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A Molecular Orbital Approach to Organic Chemistry

  • Fredric M. Menger
  • Leon Mandell

Abstract

Simplicity is one of the main attributes of “electron pushing.” Using a relatively small number of basic rules, one can rationalize a vast number of organic reactions, predict the products of reactions on new systems, and design new reactions. It does not really matter if electron pushing has little physical reality. What does matter is that the method works and that it is fast and simple. Sophisticated theoretical approaches, often requiring prodigious amounts of computer time, can also predict organic chemical behavior, but they are often not useful in the day-to-day routine of most organic chemists.

Keywords

Molecular Orbital High Occupied Molecular Orbital Lower Unoccupied Molecular Orbital Correlation Diagram Terminal Carbon 
These keywords were added by machine and not by the authors. This process is experimental and the keywords may be updated as the learning algorithm improves.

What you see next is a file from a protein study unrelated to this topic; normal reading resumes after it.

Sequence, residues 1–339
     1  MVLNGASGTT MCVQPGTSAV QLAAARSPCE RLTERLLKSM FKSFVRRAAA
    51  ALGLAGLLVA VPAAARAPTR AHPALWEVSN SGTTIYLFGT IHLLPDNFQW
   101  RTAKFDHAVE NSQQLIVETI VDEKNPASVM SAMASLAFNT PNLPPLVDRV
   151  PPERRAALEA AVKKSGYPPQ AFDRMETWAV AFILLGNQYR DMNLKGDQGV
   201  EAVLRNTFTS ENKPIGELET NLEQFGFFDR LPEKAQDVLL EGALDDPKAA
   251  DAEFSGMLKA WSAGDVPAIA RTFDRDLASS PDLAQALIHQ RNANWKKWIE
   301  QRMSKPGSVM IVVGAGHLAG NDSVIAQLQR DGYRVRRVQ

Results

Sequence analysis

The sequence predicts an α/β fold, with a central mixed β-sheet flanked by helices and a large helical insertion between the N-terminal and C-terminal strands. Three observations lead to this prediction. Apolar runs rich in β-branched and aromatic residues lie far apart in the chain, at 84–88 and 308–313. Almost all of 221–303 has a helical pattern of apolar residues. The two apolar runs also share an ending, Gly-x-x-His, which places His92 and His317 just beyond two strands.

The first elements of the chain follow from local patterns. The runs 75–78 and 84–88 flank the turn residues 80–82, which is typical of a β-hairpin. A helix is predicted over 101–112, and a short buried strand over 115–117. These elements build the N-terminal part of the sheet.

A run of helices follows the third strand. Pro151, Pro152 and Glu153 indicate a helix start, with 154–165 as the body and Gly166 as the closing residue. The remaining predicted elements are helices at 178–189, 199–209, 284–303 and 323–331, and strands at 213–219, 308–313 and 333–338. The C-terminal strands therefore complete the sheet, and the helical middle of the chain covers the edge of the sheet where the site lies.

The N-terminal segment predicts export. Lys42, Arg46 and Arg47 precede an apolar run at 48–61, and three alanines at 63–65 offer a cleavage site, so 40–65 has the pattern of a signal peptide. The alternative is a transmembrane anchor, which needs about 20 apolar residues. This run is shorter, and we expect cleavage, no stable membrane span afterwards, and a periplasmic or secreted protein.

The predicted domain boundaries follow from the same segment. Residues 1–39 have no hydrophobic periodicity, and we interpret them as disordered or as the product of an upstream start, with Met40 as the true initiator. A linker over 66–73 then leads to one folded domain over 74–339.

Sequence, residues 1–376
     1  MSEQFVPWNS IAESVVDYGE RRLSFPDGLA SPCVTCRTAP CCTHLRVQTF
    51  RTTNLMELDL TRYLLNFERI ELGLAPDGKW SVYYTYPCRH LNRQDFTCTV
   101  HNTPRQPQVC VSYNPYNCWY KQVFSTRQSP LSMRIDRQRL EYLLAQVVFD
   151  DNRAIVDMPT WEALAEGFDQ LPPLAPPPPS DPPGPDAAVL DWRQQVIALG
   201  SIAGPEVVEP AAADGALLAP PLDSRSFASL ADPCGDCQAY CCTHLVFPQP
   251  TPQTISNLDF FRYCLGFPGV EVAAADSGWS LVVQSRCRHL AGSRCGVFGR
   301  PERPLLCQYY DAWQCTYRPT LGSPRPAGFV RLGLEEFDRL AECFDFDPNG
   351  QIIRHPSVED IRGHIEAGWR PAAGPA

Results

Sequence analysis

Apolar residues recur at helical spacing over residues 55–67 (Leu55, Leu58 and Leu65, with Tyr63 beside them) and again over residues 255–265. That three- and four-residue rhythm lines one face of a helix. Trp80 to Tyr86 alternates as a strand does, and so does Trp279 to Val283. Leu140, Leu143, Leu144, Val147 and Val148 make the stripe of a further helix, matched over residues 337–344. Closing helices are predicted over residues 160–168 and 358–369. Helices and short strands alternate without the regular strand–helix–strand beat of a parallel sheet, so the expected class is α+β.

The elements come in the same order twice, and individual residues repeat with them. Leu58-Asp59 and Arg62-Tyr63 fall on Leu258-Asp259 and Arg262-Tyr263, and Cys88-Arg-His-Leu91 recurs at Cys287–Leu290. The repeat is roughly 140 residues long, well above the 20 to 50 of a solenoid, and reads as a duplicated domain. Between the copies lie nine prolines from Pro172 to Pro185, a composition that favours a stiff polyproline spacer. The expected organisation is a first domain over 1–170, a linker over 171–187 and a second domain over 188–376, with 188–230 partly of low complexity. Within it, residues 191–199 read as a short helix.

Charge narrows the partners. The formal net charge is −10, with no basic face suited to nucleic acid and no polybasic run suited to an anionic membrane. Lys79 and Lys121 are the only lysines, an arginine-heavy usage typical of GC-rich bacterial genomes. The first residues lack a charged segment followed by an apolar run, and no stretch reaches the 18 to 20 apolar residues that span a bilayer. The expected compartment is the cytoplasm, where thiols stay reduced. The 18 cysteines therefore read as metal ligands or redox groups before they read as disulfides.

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Suggested Reading

  1. 1.
    I. Fleming, Frontier Orbitals and Organic Chemical Reactions, John Wiley and Sons, New York (1976).Google Scholar
  2. 2.
    G. Klopman in Chemical Reactivity and Reaction Paths (G. Klopman, ed.), John Wiley and Sons, New York (1974).Google Scholar
  3. 3.
    R. G. Pearson, Symmetry Rules for Chemical Reactions, John Wiley and Sons, New York (1976).Google Scholar
  4. 4.
    M. J. S. Dewar and R. C. Dougherty, The PMO Theory of Organic Chemistry, Plenum Press, New York (1975).CrossRefGoogle Scholar
  5. 5.
    A. Liberies, Introduction to Molecular-Orbital Theory, Holt, Rinehart and Winston, New York (1966).Google Scholar

Copyright information

© Plenum Press, New York 1980

Authors and Affiliations

  • Fredric M. Menger
    • 1
  • Leon Mandell
    • 1
  1. 1.Emory UniversityAtlantaUSA

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